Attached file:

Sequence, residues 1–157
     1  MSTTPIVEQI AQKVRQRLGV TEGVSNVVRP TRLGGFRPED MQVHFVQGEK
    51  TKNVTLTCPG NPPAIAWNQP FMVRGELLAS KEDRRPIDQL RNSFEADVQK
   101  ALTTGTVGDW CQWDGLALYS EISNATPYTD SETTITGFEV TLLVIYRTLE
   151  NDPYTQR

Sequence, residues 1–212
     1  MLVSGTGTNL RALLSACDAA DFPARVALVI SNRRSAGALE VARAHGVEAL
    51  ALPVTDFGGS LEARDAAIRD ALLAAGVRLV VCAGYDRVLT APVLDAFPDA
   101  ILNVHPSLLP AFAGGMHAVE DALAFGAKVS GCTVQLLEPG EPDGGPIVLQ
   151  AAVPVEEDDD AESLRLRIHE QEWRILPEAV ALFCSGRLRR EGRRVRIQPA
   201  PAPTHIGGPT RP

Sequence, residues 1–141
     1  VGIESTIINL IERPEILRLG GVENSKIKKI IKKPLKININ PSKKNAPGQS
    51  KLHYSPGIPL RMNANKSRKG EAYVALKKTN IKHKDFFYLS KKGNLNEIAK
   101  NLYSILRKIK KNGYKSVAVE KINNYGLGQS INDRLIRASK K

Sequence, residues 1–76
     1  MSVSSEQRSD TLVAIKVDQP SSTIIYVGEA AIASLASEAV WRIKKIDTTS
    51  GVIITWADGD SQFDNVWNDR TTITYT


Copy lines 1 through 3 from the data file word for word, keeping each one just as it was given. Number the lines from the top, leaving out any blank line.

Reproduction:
Sequence, residues 1–157
     1  MSTTPIVEQI AQKVRQRLGV TEGVSNVVRP TRLGGFRPED MQVHFVQGEK
    51  TKNVTLTCPG NPPAIAWNQP FMVRGELLAS KEDRRPIDQL RNSFEADVQK